At Microsoft, where she worked for seven years, Kappu was also part of the Windows Sharepoint Services team, learning to build shared servers and libraries that applications can leverage.
In 2006, she moved to Amazon, going from engineering to a product management role to lead the international strategy and roll out Fulfillment by Amazon in the UK, Germany, and France.
“This was a technical product and management role that helped me work with customers closely, whose livelihoods were built by selling on Amazon. I learned how to serve customers, and be empathetic and understanding of their needs,” she says.
High visibility with Amazon Kindle
Her other important role in Amazon was leading the worldwide beta program for Kindle, which Kappu calls an “exciting and high visible programme”.
“I was fortunate to be part of Jeff Bezos’ vision to develop a product that brought about a marriage of technology and publishing. After I joined, we worked on the second and third visions of the Kindle, and the Kindle Development Kit apart, from working on its Android and iOS versions,” she says.
She also recollects how the whole release was very discreet and she couldn’t even remove the device out of her backpack while she was at home, and would have to sneak it into the bathroom to test it.
In 2011, she moved back to Coimbatore, India, with her husband with the aim of giving back to society. She helped the Isha Foundation start a management institute. However, that did not take off but the couple helped develop the Isha Insight, a leadership programme, which is very popular even today.
Along the way, the couple also volunteered with government schools and NGOs, and worked closely with students, prepping them for the board exams. An experience she says, she enjoyed immensely.
After two years, itching to get back to the corporate world, Kappu moved to Bengaluru to join Tesco to lead its Supplier Management Product and Technology teams.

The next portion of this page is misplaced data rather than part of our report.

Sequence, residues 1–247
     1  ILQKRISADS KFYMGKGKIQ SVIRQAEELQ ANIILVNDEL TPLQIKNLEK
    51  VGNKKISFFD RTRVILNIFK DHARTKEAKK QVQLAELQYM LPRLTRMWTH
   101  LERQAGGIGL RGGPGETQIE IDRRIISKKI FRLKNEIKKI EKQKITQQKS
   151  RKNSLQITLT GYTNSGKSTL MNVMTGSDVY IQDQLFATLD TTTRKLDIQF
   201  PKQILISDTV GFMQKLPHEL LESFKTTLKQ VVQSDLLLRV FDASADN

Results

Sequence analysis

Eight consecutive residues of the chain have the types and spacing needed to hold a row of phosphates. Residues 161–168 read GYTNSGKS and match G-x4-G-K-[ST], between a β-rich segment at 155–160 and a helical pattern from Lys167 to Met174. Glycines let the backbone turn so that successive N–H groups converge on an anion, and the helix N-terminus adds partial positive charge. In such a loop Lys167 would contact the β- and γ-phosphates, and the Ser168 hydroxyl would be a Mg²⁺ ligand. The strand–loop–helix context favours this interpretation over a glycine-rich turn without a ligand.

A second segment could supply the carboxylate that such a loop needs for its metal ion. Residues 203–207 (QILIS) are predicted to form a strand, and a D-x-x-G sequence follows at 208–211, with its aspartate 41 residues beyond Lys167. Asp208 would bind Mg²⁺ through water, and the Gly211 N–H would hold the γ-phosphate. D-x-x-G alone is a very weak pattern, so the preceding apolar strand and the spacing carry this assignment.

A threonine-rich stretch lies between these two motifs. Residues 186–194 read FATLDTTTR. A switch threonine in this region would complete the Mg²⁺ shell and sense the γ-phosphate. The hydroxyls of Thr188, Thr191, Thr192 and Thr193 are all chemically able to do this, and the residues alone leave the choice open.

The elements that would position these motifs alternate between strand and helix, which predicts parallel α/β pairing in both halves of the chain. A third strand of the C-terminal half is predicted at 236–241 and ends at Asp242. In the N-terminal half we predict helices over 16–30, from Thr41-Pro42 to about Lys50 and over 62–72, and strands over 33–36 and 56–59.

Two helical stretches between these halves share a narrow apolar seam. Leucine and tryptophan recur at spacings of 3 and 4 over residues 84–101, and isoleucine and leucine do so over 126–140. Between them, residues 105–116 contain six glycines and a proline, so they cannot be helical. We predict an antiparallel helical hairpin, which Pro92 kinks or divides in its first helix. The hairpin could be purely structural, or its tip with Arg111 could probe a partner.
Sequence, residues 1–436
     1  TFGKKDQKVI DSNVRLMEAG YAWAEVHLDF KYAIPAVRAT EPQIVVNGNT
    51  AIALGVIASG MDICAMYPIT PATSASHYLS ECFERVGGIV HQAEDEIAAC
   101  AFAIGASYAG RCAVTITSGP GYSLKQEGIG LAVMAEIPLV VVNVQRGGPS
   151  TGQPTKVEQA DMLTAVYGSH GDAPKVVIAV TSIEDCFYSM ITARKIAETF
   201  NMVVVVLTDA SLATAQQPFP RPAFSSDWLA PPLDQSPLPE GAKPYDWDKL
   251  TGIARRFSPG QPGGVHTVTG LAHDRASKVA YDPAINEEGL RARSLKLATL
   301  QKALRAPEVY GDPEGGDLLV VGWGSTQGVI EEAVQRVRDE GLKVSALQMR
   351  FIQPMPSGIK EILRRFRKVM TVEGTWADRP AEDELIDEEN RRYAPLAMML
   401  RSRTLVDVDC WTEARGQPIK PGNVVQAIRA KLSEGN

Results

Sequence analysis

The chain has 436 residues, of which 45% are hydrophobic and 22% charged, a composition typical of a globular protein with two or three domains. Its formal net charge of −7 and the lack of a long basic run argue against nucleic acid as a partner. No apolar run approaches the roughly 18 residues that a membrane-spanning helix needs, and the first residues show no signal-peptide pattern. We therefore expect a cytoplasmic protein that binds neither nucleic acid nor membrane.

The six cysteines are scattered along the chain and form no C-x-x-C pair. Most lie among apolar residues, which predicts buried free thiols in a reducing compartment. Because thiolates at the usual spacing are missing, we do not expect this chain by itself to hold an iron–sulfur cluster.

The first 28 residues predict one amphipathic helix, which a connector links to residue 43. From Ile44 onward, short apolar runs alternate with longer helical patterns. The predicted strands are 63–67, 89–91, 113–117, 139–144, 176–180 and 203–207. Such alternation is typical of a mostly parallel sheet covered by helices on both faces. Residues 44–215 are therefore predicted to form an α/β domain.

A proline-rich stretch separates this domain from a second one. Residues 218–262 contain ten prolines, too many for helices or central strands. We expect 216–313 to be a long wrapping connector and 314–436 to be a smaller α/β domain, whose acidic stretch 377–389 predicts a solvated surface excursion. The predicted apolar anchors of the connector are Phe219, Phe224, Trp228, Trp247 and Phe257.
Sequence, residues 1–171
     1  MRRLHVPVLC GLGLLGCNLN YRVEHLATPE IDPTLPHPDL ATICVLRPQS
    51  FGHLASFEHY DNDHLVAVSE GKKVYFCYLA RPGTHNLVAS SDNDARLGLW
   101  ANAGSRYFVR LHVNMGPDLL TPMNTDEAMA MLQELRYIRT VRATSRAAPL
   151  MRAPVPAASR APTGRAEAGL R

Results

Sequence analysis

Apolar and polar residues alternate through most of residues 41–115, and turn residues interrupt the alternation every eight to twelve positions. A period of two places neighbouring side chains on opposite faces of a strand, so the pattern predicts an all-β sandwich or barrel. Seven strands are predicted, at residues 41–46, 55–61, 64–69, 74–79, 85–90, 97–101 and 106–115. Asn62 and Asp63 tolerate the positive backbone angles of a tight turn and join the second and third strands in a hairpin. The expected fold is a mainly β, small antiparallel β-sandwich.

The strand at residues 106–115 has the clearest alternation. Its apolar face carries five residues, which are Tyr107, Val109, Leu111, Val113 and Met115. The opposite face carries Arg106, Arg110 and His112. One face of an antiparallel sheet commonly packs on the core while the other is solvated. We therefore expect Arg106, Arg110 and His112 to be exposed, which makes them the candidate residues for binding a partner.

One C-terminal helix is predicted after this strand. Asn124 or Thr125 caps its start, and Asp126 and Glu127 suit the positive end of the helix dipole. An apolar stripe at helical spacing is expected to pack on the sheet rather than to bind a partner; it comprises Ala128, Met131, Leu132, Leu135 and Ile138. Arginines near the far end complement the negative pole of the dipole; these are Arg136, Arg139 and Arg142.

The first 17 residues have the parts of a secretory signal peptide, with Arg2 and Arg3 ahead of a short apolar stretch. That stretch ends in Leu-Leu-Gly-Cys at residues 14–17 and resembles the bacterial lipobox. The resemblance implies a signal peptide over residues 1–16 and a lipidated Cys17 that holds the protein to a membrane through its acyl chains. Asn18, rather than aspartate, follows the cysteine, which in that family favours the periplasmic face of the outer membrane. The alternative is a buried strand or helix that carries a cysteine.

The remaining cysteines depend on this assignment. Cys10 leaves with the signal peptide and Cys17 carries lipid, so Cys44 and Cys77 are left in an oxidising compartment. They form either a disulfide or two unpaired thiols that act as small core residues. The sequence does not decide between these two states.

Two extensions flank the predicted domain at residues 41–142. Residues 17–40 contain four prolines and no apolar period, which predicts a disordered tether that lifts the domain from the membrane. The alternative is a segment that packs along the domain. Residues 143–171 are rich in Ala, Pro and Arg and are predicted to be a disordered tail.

Kappu believes each product she has worked on has taught her something important. “SQL Server was all about core software engineering. At Amazon, I learnt all about customer empathy and how the merchant is an important customer as well. With Kindle, I got the visibility I had only dreamed of; and at Walmart, I built an efficient supplier management system,” she says.
Get rid of the working woman guilt
Over the years, many women have ventured into STEM but the challenges remain. What has been her experience?
“I believe women should not be guilty of having a career. When I joined Microsoft, my onboarding folder said, ‘Where do you want to go today?’ I believe, irrespective of gender, the onus is on us to move forward, and seek a support system and be persistent in what you do,” says Kappu.
According to her, one needs to have the same passion throughout one’s career. “I have been the only woman in many teams. There is no gender distinction in the software industry. You just have to be comfortable with what you are doing and have no mental barriers,” she adds.
Interestingly, Kappu finds a lot of happiness in Bharatanatyam, that she took up when she was around six years old. Not only has she never stopped practising and performing, but she also taught the dance form while she was in Seattle.
“My parents believe that one has to grow holistically to understand how the world operates and functions. Dancing has moulded me – it’s not just creative, it’s also science, and I am thankful I never missed a dance class while growing up. It has taught me focus, memory skills, and the power of concentration,” she says.
During the lockdown, she continues learning Bharatanatyam online, and also something new each day.
“Once you stop learning, you start becoming complacent about things. I am now in retail, where things keep changing and customers keep evolving and I have to be on my toes, thinking how best can create a better experience for my customer,” she says.